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greetings from nctear 2006 - chicago

it's late on night 2 of the nctear mid-winter conference. the theme:
literacy as a civil right: reclaiming social justice in literacy research and teaching

and the sessions i've attended have served to add to my conviction that questions of what we research and how we research are not mutually exclusive; and moreover, why we research can/must/should engage questions of social justice and enactments toward real social change.

while i have felt this thread of inquiry to be generative, i have also heard comments that allude to whether or not the audience who is attending this conference with this focused theme might be the same audience who attends next year's conference, which tentatively has a focus on the evolving digital landscape of literacies. i wonder: can we continue to separate emerging questions about digital literacies and persistent convictions about literacy as a civil right?

in my work i find solace in the complementary and intertwined trajectories of race-critical and digital epistemological theories. this is more than a naive musing of "can't we all just get along;" it is a recognition of the urgency for social justice - for radical rethinking and changing of the real inequities that persist in the lived experiences of too many young people, children, families - that is implicit in both of these related literacy foci. is it time to encourage/challenge ourselves, our colleagues, our graduate students to seek out and intentionally engage with the messy work of "research that does something." even as i write that, i recognize that some may take umbrage with the definition of "something" implicit in that statement - i mean to say that we ought to be explicit about what kind of work it is that we want our research to do in the world. and not all work for social justice looks the same, but perhaps we should be on the journey together.

so, to the nctear 2006 audience i say, "i hope to see you in '07!" and to those of you who read this and got to the end, i encourage you to check out nctear - start by exploring this year's conference schedule and stay tuned for info on next year.


boy troubles

i've been reading the story in a recent issue of newsweek titled, "The trouble with boys" and so far, i'm not sure what to make of it. the crux of the article is concerned with boys' academic achievement - appalling, apparently, in contrast to girls.

the author notes, "In the last two decades, the education system has become obsessed with a quantifiable and narrowly defined kind of academic success, these experts say, and that myopic view is harming boys." i don't disagree that this view of assessment and education is myopic, but i wonder what the underlying implication is for how we understand the intersections of gender and academics. namely b/c the following two sentences of that same paragraph read:
Boys are biologically, developmentally and psychologically different from girls—and teachers need to learn how to bring out the best in every one. "Very well-meaning people," says Dr. Bruce Perry, a Houston neurologist who advocates for troubled kids, "have created a biologically disrespectful model of education."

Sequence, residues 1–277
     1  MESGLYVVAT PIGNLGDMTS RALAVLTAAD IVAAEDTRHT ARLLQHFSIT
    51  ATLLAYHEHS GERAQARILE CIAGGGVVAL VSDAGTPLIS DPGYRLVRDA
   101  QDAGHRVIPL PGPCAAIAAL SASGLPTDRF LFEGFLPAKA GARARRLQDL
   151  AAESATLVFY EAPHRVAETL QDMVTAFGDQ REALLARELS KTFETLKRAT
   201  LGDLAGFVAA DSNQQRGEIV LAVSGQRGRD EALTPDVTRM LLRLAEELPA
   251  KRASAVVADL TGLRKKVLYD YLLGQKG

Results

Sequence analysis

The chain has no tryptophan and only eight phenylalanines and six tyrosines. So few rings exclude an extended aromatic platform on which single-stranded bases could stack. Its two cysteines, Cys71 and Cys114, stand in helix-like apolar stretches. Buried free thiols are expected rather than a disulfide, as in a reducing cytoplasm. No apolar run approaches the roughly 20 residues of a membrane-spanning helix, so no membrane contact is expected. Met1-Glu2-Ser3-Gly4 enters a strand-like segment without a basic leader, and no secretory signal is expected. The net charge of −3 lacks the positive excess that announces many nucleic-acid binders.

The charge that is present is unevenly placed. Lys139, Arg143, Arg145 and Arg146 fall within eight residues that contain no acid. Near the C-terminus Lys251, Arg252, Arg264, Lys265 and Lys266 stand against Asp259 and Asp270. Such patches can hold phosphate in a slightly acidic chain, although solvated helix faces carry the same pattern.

caught up in this logic is the implicit notion that this "model of education," while "disrespectful" for some, is beneficial for others. doesn't this perspective let the designers of a measurement-obsessed philosophy of education off the hook?

there's something else that bugs me about all of these studies of gender and education (in which I claim to participate, as well, by the way), and that is all that gets overlooked when we ask questions that further dichotomize the experiences of boys and girls, of males and females, as they navigate institutions. could it be that more kids are engaging in exciting, fun, and interesting interactions in which education transpires, but which occurs outside of school; and these interactions of education are becoming more and more dissimilar to how education is being (con)/(de)fined in schools?

yes. and we have plenty of evidence to confirm this suspicion.

still, as the article describes, boys who are "antsy" and restless are internalizing their teachers' reactions to them and in turn calling themselves "stupid." that can't be good.

ok, more on this and the recent barage of "boy" articles and other media in a following post...


"killing the sky"

the second volume of stories produced by young men at rikers island will be published soon by Student Press Initiative (SPI). (first volume pictured above)
ruth vinz, co-director of Student Press Initiative, noted:
"The Rikers Project is only a start," says Vinz. "If we are serious about not leaving our children, or adolescents, behind, we need to help young people see how their learning can help them construct, negotiate, understand and take constructive action in the world."
echoing the words of one of the young men we worked with, i hope many more readers than we can imagine will read these young men's stories and "feel what [they're] saying." and as i think about the spaces and geographies afforded by new technologies, i wonder about the kinds of spaces that might be opened up through the technology of the printed word - that is, using the word to break the word and in doing so, what? could that be a new and significant kind of space?